By KAREN VOYLES
SUN STAFF WRITER
Published: Monday, January 27, 2003 at 6:01 a.m.
Last Modified: Monday, January 27, 2003 at 1:14 a.m
Lizzie Jenkins has spent a decade sorting through musty files in her search for details to confirm what happened to her aunt and uncle when the predominantly black Levy County town of Rosewood was burned to the ground in 1923. On Saturday, as part of the kickoff for Celebration of African History and Culture Month in Gainesville, Jenkins will be signing copies of the 250-page book she wrote detailing her research.
"This is really my mom's project because she wanted her sister - the Rosewood schoolteacher - to have her place in history and be remembered," Jenkins said. "What I have done really is to keep a journal of my research. My next volume will be the narrative about Rosewood, but this one is really a chronology of how I found what I found."
Rosewood was established between Otter Creek and Cedar Key along what is now State Road 24. The town was destroyed after a white woman accused a black man - Jenkins' uncle - of rape. The ensuing days of violence left several inhabitants dead and others fleeing into the surrounding woods with only the clothes they were wearing.
For 70 years, those who escaped the atrocity rarely spoke of what happened. When the Florida Legislature began looking into the violence, researchers documented that the sheriff and governor knew what was happening at Rosewood and did nothing to stop the brutality.
In 1994, lawmakers approved a $2 million compensation package to be distributed among the few remaining survivors and the descendants of others who could document their connection to Rosewood in 1923.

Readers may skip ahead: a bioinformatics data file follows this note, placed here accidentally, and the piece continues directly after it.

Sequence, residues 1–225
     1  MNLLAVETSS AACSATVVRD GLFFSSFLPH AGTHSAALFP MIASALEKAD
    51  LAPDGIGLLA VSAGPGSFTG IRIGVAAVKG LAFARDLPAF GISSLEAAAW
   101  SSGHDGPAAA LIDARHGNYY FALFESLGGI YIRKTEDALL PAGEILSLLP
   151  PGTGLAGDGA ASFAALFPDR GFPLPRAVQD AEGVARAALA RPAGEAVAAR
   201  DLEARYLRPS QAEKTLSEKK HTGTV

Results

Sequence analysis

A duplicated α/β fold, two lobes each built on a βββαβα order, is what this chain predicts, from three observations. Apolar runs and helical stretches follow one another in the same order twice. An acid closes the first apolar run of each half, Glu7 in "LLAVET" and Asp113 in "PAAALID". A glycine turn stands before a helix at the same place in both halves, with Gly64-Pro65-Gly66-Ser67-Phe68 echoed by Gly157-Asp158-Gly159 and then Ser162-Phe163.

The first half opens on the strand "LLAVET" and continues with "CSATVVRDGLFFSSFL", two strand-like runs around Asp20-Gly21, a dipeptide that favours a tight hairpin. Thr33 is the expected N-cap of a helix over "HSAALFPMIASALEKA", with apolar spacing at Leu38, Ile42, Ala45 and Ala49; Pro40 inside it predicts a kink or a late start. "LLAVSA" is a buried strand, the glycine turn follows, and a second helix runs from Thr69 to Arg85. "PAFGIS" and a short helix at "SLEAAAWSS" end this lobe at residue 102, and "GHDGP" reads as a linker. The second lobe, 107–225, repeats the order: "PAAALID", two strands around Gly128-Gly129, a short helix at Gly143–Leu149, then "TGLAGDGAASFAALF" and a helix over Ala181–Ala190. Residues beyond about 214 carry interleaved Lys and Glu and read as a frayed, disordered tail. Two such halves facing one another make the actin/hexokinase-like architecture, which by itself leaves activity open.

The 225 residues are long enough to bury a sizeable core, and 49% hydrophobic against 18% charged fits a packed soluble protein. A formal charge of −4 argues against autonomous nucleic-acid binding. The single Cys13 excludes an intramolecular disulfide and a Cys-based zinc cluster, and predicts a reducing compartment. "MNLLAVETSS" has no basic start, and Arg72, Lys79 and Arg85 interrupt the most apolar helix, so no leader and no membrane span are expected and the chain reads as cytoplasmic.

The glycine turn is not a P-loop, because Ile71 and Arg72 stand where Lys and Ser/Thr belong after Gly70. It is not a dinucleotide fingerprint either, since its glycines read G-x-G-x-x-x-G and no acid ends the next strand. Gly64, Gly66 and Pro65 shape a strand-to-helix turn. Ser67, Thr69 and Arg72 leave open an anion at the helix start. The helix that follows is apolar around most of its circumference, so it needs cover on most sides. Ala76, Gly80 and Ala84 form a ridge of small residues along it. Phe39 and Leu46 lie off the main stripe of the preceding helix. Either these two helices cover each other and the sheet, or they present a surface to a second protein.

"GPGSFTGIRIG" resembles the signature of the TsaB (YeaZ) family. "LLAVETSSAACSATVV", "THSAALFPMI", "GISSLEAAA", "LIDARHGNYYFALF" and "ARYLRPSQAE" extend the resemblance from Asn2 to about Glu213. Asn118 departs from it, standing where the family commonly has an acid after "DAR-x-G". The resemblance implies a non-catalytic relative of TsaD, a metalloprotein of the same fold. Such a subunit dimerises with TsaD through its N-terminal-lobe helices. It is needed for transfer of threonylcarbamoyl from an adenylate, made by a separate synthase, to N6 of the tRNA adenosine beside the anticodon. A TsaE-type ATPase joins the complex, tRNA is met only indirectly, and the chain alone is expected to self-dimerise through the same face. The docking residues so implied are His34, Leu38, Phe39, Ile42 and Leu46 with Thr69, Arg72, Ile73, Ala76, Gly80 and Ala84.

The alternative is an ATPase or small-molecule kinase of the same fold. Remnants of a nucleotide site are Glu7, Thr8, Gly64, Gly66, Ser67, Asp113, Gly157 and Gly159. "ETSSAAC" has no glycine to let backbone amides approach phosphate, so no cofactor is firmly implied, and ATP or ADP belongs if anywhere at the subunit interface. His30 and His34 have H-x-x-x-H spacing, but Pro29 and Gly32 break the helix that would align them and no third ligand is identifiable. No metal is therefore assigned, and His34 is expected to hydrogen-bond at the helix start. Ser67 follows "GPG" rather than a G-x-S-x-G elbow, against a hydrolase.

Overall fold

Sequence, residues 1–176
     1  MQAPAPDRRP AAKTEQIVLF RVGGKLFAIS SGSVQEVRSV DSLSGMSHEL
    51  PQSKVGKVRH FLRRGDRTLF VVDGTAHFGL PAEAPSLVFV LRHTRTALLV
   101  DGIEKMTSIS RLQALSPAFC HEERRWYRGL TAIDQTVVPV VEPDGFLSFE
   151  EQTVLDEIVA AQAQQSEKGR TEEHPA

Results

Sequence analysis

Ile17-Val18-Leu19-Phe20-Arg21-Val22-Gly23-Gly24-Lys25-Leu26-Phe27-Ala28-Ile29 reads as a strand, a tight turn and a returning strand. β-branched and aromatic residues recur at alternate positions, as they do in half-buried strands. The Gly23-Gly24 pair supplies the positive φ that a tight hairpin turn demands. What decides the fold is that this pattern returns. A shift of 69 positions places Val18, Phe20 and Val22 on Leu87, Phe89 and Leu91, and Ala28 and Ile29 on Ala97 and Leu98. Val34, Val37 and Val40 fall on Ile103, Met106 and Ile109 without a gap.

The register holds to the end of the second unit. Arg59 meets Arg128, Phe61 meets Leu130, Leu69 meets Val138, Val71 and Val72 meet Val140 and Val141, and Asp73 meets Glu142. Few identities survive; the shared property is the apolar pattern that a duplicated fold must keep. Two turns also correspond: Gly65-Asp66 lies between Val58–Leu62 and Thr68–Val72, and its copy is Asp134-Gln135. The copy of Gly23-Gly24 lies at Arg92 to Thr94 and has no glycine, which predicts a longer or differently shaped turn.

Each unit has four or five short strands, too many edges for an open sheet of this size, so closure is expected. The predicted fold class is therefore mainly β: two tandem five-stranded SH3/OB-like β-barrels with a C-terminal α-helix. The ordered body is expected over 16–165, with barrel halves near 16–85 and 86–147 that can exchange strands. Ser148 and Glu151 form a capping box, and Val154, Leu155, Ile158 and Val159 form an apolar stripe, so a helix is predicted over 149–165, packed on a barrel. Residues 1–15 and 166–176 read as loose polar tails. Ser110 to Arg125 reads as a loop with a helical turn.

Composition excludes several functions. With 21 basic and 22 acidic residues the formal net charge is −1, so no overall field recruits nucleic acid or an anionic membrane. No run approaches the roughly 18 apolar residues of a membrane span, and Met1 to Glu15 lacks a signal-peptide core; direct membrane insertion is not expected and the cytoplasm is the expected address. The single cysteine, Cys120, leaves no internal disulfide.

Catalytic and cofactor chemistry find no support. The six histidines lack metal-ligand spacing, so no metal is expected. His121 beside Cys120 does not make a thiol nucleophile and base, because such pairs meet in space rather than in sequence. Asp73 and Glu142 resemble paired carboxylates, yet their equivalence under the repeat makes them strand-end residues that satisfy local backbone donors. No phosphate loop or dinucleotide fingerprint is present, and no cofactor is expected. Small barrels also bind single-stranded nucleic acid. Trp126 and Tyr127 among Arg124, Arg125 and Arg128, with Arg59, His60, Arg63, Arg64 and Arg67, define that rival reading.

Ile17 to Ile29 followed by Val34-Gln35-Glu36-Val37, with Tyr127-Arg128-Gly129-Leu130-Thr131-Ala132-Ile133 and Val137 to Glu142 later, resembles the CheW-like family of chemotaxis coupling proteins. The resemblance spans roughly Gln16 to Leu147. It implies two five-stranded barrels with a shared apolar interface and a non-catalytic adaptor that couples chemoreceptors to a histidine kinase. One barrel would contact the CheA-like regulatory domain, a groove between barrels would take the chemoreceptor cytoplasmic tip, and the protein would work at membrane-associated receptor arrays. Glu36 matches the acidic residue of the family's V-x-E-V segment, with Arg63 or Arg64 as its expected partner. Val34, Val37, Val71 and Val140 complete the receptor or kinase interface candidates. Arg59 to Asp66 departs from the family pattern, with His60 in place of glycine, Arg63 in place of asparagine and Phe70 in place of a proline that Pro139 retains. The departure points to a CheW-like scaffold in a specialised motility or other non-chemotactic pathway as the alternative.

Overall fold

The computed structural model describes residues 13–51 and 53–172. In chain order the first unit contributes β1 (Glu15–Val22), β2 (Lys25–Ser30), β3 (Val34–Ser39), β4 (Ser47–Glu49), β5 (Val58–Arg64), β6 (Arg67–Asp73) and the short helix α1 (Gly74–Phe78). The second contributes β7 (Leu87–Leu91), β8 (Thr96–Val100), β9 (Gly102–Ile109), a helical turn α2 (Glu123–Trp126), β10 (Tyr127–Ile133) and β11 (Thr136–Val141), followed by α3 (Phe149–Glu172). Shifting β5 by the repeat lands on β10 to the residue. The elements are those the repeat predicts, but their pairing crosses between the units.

"My aunt, Mahulda Carrier, was married to the man they accused of the rape, Aaron Carrier," Jenkins said. Aaron Carrier was the first target of the mob of white men. After being beaten, he was secreted away by Levy County Sheriff Elias R. "Bob" Walker.
Mahulda Carrier, one of the town's teachers, was also able to escape, then spent the rest of her life trying to recover. She and Aaron later divorced, and she moved often and would change her name frequently, Jenkins said. She would talk about the incident rarely, only in a whisper and only to people she trusted, like Jenkins' mother, Theresa Robinson.
Before Robinson died in 1997, she made her wishes clear to Jenkins.
"She wanted me to tell the truth about her sister," Jenkins said. "She told me 'Don't vent your anger,' and to 'remain humble, but tell the story.'"
A retired Alachua County teacher with a master's degree, Jenkins was already a competent researcher when she met Toni Collins, the historic records coordinator for the Levy County Clerk's Office.
"Rosewood is still a sensitive subject in Levy County and we can't rewrite history, but Liz (Jenkins) was very professional about her research," Collins said. "She would come in and have a narrow focus so I would know exactly what records to help her find."
Along the way Jenkins also met descendants of some of the white people involved in Rosewood, people she now refers to as "my white family." They include nieces and nephews of Rosewood's merchant, John Wright, as well as granddaughters of the Bryce brothers who conducted the train that many survivors rode to escape, and the grandchildren of Sheriff Walker.
Jenkins said the white descendants have been as horrified and she and other black descendants were about the incident, but have agreed that she should tell her aunt's story as accurately as possible.
Jenkins said some of the white descendants have told her they will attend her book signing. The event is scheduled for Saturday in Gainesville's Downtown Community Plaza from 11:30 a.m. until 4 p.m.
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